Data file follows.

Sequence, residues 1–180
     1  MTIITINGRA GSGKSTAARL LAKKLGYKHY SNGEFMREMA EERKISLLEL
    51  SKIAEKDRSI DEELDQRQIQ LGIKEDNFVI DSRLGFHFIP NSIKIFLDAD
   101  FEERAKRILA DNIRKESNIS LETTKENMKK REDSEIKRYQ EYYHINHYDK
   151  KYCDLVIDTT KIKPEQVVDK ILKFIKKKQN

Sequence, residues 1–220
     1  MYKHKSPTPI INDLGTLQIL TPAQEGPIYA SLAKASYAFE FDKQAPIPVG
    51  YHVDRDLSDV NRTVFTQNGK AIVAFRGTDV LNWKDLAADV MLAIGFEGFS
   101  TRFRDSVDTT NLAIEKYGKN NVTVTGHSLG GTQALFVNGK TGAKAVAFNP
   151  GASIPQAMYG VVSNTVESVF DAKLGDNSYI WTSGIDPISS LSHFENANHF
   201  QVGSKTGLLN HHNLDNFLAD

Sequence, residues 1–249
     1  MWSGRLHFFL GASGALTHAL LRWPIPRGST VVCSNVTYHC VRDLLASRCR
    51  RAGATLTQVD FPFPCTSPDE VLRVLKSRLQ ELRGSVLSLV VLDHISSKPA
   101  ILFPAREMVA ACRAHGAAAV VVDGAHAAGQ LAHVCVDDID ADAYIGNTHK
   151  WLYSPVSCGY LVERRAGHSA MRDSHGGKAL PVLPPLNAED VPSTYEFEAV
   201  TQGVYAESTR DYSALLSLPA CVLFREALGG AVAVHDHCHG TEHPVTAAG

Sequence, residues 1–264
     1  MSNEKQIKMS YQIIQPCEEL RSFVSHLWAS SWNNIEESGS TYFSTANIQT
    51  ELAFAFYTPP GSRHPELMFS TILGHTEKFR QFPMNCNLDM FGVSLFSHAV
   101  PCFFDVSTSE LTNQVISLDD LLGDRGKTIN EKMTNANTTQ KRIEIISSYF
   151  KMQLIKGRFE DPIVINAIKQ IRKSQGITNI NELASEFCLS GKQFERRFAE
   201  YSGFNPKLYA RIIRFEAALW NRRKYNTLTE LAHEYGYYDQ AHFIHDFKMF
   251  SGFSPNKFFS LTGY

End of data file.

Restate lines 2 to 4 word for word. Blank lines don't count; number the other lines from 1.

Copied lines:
     1  MTIITINGRA GSGKSTAARL LAKKLGYKHY SNGEFMREMA EERKISLLEL
    51  SKIAEKDRSI DEELDQRQIQ LGIKEDNFVI DSRLGFHFIP NSIKIFLDAD
   101  FEERAKRILA DNIRKESNIS LETTKENMKK REDSEIKRYQ EYYHINHYDK